This week has been pretty run-of-the-mill in terms of intensives, it doesn’t give a lot of room for variation. As I noted last week, I did get off at 4 on Wednesday and I absolutely loved getting home before sunset and just doing nothing at home (as per usual). That evening also featured disk one of The Return of the King so the week couldn’t have been all that bad.
As a follow-up to my description of last week’s weather, here’s a glimpse of the ‘urban nature park’ on my way to the grocery store last Saturday. The waterfall has been frozen for a while, but it snowed that morning and it looked incredible. The stream was partially frozen as well.
In addition to watching The Lord of the Rings over the past few weeks with friends (“…side by side with a friend…”), I’ve watched all the Harry Potter movies again. Four movies two weekends ago and the other four this past weekend. I just quickly wanted to say a moment–the only moment–that made me tear up for a sec.
Unpopular opinions: I don’t care that much for Dobby or Hedwig or George, not really bothered by the deaths of Remus or Tonks or Dumbledore, don’t think Snape is a good person and am not moved by his story. Harry Potter is of course fabulous and I love it, so don’t take those as criticisms. However, there was one part that got me, if just for a moment, this time around.
At the end of the end, when Harry is about to go to Voldemort in the forest, he just sort of vaguely hints that he’s a horcrux (spoiler) and only Hermione understands. Then she says, “I’ll go with you.” And that is one of the most beautiful of the many statements that the series makes about death. A friend who will fight beside you, even to death.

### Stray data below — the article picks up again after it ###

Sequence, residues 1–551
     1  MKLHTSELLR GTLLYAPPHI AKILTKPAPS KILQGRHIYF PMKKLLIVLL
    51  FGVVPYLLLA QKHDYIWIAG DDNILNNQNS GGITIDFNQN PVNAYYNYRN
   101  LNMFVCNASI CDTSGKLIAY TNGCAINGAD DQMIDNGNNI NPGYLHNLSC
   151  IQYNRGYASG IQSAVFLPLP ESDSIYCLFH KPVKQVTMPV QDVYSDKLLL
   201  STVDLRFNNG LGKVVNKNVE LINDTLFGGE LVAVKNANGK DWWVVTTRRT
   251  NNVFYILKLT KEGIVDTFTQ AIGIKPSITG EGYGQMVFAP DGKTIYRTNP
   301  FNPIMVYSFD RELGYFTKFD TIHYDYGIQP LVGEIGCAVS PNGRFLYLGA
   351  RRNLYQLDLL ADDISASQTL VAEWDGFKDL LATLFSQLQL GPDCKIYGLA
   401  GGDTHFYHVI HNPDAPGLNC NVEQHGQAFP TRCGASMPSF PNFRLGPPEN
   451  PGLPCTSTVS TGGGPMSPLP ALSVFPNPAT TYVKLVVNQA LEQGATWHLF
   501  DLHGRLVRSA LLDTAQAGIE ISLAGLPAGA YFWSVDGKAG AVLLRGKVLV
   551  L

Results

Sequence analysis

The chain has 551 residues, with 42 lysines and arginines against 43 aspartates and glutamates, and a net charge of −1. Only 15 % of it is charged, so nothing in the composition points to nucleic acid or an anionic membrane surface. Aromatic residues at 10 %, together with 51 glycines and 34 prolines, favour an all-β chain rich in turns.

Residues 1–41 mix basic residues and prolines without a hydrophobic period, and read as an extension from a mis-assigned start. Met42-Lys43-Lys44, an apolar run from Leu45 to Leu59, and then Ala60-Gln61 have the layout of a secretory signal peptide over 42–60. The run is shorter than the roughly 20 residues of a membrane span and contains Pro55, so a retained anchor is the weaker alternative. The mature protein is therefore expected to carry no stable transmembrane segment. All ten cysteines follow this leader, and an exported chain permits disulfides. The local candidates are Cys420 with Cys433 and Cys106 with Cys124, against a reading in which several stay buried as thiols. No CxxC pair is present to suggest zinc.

So there’s that.
Anyway, here’s our choral music selection. Latin music holds a very special place in both historical and contemporary Western choral musical traditions so I thought it an appropriate category. Some of these songs are quite old, some medium old, and some are much more recent but all of them come from a musical and theological tradition spanning thousands of years. It’s kind of a big deal.
I’ve given the English for the titles but if you’re really curious it just takes a quick Google or Wikipedia search to get the full text translated.
Latin Sacred Texts
- O Mangum Mysterium – Francis Poulenc (O Great Mystery)
- Ave Maria – Javier Busto (Hail Mary)
- Ubi Caritas et Amor – Ivo Antognini (Where Charity and Love)
- Absalon, Fili Mi – Josquin des Prez (Absalom, My Son)
- Angus Dei from Mass in C minor op. 147 – Robert Schumann (Lamb of God)
- Si Iniquitates Observaveris – Samuel Wesley (If You Mark Our Iniquities)
- Magnificat – László Halmos ([My Soul] Magnifies [the Lord])
- O Sacrum Convivium – Olivier Messiaen (O Sacred Banquet)
- Adoramus Te, Christe – Claudio Monteverdi (We Adore You, Christ)
- Amen – Henryk Górecki (not really Latin but I’m over it)